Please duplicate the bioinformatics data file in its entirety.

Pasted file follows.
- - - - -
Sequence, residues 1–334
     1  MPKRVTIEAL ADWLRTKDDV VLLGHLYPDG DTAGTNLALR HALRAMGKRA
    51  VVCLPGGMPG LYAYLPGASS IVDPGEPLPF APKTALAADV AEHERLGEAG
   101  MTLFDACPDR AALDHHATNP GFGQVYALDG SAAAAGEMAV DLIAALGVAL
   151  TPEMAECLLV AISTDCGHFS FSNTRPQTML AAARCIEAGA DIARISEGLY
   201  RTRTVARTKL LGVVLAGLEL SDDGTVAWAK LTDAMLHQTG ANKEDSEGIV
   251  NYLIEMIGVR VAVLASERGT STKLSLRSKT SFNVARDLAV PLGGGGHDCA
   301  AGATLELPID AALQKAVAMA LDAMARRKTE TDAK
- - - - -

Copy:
Sequence, residues 1–334
     1  MPKRVTIEAL ADWLRTKDDV VLLGHLYPDG DTAGTNLALR HALRAMGKRA
    51  VVCLPGGMPG LYAYLPGASS IVDPGEPLPF APKTALAADV AEHERLGEAG
   101  MTLFDACPDR AALDHHATNP GFGQVYALDG SAAAAGEMAV DLIAALGVAL
   151  TPEMAECLLV AISTDCGHFS FSNTRPQTML AAARCIEAGA DIARISEGLY
   201  RTRTVARTKL LGVVLAGLEL SDDGTVAWAK LTDAMLHQTG ANKEDSEGIV
   251  NYLIEMIGVR VAVLASERGT STKLSLRSKT SFNVARDLAV PLGGGGHDCA
   301  AGATLELPID AALQKAVAMA LDAMARRKTE TDAK